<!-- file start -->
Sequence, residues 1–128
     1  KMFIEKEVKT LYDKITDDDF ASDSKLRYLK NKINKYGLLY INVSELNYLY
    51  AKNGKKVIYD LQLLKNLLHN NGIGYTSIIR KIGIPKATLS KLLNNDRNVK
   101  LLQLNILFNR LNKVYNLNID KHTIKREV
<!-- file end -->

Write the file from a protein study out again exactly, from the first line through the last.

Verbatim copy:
Sequence, residues 1–128
     1  KMFIEKEVKT LYDKITDDDF ASDSKLRYLK NKINKYGLLY INVSELNYLY
    51  AKNGKKVIYD LQLLKNLLHN NGIGYTSIIR KIGIPKATLS KLLNNDRNVK
   101  LLQLNILFNR LNKVYNLNID KHTIKREV